The most popular company course among employees at Google is not what you’d expect. It has a six month waiting list and has been going strong since 2007. Called ‘Search Inside Yourself’, it involves no technology.
Instead, participants learn mindfulness and meditation. Microsoft and Nike have also invested in mindfulness training for their staffs, and the trend is even bigger in other countries.
“The Japanese government is putting millions of dollars into neuroscience,” says Linda Terry, owner of Linda Terry Brain Training in Olympia. “Canada also does a lot more corporate brain training than the U.S. does.”
As science continues to discover more about how our brains work, that knowledge can be applied in the workplace, says Terry, to the benefit of both individuals and organizations as a whole. With so many distractions and the ubiquity of technology, staying focused can be a challenge. Understanding basic neuroscience can also make communication and collaboration more effective.
A key player is the amygdala, says Terry Taylor, owner of Versoria, an Olympia business consulting firm specializing in executive coaching and leadership management. This almond-shaped cluster of neurons determines how we process memory, make decisions, and react emotionally. It is also where the fight-or-flight response is born.
“Often, conversations at work can inadvertently cause the stress response that triggers the amygdala to go into fight-or-flight,” says Taylor. “Once cortisol has been released, we’re functioning from the reptilian brain, which is about survival. We become defensive, inhibited and fearful.”
At that point, no work is getting done and communication falls apart, she says. “When people are triggered and in survival, they can only see things from their own perspective. They can hardly hear the other person’s.”
Once one person has gone into fight-or-flight, it’s common for others to react in a similar fashion. However, a good leader can recognize when the conversation has been ‘hijacked’ by the amygdala, she says.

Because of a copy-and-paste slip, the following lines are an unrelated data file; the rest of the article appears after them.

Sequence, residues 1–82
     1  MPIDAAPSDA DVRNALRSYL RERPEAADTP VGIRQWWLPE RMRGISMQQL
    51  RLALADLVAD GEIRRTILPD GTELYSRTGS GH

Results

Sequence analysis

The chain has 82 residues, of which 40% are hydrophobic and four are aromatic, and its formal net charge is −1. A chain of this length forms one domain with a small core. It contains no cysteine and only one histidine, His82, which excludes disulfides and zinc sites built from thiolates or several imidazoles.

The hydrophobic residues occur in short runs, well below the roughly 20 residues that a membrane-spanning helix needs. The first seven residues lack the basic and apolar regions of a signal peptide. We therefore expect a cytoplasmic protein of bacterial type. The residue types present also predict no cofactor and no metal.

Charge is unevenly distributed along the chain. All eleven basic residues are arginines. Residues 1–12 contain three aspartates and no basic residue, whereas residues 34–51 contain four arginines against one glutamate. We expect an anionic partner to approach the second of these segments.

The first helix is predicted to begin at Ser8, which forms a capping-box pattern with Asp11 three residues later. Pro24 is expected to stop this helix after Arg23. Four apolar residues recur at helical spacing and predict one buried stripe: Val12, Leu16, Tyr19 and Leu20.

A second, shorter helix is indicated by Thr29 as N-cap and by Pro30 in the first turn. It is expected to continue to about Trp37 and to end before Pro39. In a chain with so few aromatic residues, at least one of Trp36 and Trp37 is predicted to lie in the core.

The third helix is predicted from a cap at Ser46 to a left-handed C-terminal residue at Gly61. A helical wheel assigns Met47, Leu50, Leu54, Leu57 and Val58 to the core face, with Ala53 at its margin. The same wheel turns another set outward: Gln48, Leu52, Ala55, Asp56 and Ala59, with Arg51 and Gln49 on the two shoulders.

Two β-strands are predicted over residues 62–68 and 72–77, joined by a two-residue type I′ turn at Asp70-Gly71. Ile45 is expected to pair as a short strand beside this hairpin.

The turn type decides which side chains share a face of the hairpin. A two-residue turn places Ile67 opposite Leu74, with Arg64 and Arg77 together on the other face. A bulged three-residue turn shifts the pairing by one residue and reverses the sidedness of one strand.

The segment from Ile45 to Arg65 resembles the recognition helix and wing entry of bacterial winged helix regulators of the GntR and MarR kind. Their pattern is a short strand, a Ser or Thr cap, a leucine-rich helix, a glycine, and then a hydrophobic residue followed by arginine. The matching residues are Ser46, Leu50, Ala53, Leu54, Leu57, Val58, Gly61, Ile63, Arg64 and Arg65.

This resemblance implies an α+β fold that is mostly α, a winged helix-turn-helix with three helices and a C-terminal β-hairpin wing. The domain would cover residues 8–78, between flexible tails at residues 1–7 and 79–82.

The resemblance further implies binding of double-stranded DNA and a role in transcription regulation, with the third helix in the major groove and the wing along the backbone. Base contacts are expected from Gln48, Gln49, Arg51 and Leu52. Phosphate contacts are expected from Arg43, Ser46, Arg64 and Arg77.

“It takes a person who is aware, accountable and responsible to skillfully navigate the executive brain in that moment and respond from that brain, rather than simply reacting.”
Chris Lee of Sandler Training in Olympia also works with groups to recognize those moments.
“When I’m training a company, I’m really teaching individuals that they have a choice,” he says. “They don’t have to respond just because someone pushes their buttons. The amygdala gets hijacked all the time.”
Another way companies can apply neuroscience at work is improving memory, a crucial skill for anyone in sales.
“Most of my business clients want to remember clients’ or customers’ names,” says Terry. “We’ll go through a whole lesson in paying attention and repeating the name. I give them a bunch of tools. Then, we’ll do a reflection so they can understand how they did it. Reflection is a huge key to memory.”
One of those tools is writing the name down. In fact, says Lee, writing anything down by hand helps you to remember it.
“The physical act of writing tells your brain that this is important. It puts us in a more creative mindset.”
In her courses, Terry walks clients through 10 ways to boost their brain health, including breathing techniques and walking.
“So often, the only people that get to get away from their desks are smokers,” she says. “Giving people time to walk away and reset themselves can be a great tool for upsets in the workplace. Brain awareness can actually help the health of the whole and make it more productive.”
Participants also learn about ways to stay focused.
“It’s tough in a cubicle,” she sympathizes. “You’ve got split attention with so many people milling around. People have to have that boundary to say, ‘I need to finish what I’m doing.’ If they can manage their focus and problem solving at work, it will result in less illness and stress.”
Taylor points out that poor communication and lack of self-awareness at work can also cost employers substantially.
“If you’re dealing with a lot of fear and defensiveness, you’re losing creativity, honest conversation, and problem solving,” she says. “When people feel like they can’t contribute their talent, it drags the whole organization down.”
Negative culture can lead to high turnover.
“It costs about $55,000 to hire an onboard employee over time, “she continues. “When you’re constantly having to train new employees, that’s about a problem in the culture. You can do something about that.”
Companies are increasingly using neuroscience in their hiring practices, says Terry.
“In Hong Kong, HR departments are considering more about how people think,” she says. “It’s about being able to place the person into the right job based on their strengths.”
According to Taylor, learning about how our brains work is ultimately empowering.
“The realization dawns on people that they have control over the way they react and respond when their amygdala gets triggered. It’s not only about locus of control, it’s also about accountability,” she says.
“When my clients realize that’s happening, that’s a moment of self-awareness that they can get a hold of and change.”
Terry would like to see more businesses provide brain training for their employees.
“I see a lot of companies investing in physical health but not brain training,” she says. “Our brains are the source of everything we do. There’s a huge need to recognize the importance of that piece as well.”